Seton Hall’s Theatre Department is gearing up to put on the widely adapted play, “Steel Magnolias”, a drastic departure from the fall production of Shakespeare’s “As You Like It”. But beyond the glamour of the stage is the hard work of the theater work studies that makes the show come to life.
From constructing the sets to the light design, the theater work studies work to build an entire world with just paint and wood. When a production is finished and the sets are painted, the lighting perfectly programmed, it might make you wonder, how much work went into creating this?
For Hannah Boyan, a junior theater and history double major, it takes a tremendous amount of time.
For weeks, the crew has worked to pull props, furniture and other pieces required for the set. As the student technical advisor, Boyan not only works backstage with the rest of the crew, but she also has the responsibility of overseeing projects and leading the crew through each production.
“I really love this position because it lets me do what I love the most – building things,” she said.
As a work study, having and gaining experience is key. Initially, Boyan had applied for the position as a freshman, but was rejected. Working on the productions all through her freshman year and gaining hands-on experience in the technical side of theater is what helped her get the job as a sophomore.
Myles Singer, a freshman business marketing major, had a similar introduction into obtaining the work study position. Having previously worked on “As You Like It” last fall, is what caught the attention of the production manager, Professor Peter Reader.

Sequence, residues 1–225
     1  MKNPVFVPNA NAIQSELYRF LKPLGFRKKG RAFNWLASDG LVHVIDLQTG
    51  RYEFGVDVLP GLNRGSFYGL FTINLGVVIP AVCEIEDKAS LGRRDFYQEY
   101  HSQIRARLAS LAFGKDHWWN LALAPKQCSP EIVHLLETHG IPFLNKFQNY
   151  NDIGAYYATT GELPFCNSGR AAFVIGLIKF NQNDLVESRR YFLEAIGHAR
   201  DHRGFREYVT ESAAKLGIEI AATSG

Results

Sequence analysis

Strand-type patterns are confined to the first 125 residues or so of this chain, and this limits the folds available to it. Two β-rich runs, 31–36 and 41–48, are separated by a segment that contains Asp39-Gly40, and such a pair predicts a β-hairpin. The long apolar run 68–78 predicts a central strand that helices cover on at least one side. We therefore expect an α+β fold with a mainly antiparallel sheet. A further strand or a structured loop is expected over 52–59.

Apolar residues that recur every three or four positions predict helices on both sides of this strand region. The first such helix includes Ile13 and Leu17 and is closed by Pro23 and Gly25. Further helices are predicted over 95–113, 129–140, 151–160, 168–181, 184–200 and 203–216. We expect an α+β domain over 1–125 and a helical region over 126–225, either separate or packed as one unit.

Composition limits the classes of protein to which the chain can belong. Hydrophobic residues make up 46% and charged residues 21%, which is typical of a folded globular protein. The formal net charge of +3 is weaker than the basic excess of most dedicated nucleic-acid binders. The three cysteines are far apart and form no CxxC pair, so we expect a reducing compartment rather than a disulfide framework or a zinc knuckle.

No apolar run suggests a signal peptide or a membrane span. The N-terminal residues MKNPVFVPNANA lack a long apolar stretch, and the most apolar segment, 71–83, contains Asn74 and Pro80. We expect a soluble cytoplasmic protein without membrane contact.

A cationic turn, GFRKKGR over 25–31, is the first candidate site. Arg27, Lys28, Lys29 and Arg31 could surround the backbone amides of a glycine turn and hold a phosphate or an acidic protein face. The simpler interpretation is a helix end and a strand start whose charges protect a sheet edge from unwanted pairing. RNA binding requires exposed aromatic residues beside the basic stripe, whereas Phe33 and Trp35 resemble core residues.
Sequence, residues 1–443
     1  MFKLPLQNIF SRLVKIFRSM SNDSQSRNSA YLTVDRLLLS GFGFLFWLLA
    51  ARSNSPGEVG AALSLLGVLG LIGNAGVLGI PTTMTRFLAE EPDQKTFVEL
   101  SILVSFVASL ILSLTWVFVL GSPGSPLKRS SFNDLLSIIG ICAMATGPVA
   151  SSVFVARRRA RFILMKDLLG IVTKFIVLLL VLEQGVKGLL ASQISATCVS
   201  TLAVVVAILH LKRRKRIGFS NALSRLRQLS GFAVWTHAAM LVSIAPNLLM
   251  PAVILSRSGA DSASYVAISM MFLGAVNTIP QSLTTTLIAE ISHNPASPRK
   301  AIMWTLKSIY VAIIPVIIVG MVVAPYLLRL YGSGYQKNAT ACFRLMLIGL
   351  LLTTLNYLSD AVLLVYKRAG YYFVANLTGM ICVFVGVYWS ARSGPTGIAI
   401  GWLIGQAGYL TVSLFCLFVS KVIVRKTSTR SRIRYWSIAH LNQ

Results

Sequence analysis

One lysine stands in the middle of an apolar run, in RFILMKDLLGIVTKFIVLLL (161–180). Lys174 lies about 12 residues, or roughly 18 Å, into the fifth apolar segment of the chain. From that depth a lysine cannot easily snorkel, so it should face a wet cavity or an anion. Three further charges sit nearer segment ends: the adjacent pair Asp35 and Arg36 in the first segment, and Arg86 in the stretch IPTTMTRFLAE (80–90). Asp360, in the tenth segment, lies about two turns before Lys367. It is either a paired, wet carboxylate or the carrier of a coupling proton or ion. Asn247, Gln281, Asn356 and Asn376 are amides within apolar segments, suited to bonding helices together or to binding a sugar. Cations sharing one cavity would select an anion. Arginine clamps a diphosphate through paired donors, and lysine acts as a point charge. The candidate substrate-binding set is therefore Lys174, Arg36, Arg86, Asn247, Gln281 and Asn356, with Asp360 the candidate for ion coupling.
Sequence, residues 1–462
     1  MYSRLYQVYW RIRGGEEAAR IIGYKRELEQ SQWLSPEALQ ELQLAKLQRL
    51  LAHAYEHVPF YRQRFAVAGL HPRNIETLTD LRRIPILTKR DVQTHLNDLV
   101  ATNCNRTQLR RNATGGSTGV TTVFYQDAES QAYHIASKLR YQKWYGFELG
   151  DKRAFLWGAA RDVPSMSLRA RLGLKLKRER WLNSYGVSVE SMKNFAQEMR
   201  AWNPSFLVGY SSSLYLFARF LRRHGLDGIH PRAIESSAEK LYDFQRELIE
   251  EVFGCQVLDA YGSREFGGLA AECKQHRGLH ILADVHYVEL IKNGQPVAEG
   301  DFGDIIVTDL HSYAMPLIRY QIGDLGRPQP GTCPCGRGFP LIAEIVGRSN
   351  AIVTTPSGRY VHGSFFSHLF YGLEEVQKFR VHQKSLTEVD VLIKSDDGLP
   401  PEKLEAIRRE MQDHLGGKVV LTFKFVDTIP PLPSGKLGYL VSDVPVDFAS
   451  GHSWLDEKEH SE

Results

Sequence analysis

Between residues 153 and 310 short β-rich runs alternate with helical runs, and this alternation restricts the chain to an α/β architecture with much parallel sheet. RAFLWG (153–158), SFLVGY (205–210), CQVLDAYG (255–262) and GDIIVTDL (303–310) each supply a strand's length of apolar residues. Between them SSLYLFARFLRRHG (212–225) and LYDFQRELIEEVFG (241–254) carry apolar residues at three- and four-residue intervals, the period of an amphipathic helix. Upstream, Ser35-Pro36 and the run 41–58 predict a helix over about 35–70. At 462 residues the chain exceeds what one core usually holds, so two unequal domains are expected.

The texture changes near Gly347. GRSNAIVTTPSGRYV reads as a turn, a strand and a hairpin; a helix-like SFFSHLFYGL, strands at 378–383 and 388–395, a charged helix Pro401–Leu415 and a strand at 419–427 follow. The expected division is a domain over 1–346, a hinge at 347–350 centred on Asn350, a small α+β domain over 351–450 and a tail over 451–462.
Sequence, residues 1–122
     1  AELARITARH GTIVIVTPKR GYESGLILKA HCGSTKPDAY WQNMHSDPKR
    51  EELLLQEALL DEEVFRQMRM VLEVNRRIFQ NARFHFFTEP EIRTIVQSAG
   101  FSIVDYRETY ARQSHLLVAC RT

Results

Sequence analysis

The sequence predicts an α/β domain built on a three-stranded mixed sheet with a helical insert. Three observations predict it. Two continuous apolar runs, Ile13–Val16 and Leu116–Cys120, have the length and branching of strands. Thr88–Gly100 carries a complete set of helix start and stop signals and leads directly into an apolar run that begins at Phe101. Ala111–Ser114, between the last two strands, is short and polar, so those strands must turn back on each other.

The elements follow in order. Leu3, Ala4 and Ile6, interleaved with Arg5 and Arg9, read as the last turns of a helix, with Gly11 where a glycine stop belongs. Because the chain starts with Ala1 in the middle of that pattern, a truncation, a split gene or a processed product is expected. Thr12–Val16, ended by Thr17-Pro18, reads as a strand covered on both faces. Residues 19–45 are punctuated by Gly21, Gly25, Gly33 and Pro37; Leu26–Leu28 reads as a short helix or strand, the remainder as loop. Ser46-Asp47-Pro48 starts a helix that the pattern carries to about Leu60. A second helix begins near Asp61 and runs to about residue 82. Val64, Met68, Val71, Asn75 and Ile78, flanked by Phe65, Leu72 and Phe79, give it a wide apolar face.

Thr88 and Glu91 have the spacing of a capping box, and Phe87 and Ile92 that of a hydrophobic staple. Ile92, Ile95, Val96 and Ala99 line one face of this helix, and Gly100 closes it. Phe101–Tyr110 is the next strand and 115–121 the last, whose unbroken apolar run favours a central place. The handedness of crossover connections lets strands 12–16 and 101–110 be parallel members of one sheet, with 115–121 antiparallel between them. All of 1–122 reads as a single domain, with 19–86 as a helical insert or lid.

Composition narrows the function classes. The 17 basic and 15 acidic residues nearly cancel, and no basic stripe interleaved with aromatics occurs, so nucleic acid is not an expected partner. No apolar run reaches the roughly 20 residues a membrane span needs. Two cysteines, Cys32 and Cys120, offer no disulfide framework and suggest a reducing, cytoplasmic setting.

“Professor Reader had seen the work I had done backstage and offered me a work study position before opening night,” Singer said.
Singer talked about how much it has helped him gain skills working with his hands.
Where the work studies are responsible for building the set designs, Reader lays the foundation.
“Professor Reader is an essential part of the work study experience,” Boyan said. “He designs all of the sets and lights for the shows, and makes sure we have the props and materials we need.”
With a decorated resume, Reader’s technical theater experience has spanned across the country, from Broadway to the midwest. A background like Reader’s is more than helpful when pulling together a main stage production.
Stage manager of “Steel Magnolias”,a sophomore and music education major Jordan Green, expressed the same sentiments, mentioning how the professor aids the work studies in being successful.
“The work studies are extremely dedicated,” he said. “They are the unsung heroes of the theatre world, and with the help of professor Reader, the sets always look amazing when it’s time to stage each show.”
“Steel Magnolias” is set to open on Feb. 22.
Megan Beauchamp can be reached at firstname.lastname@example.org.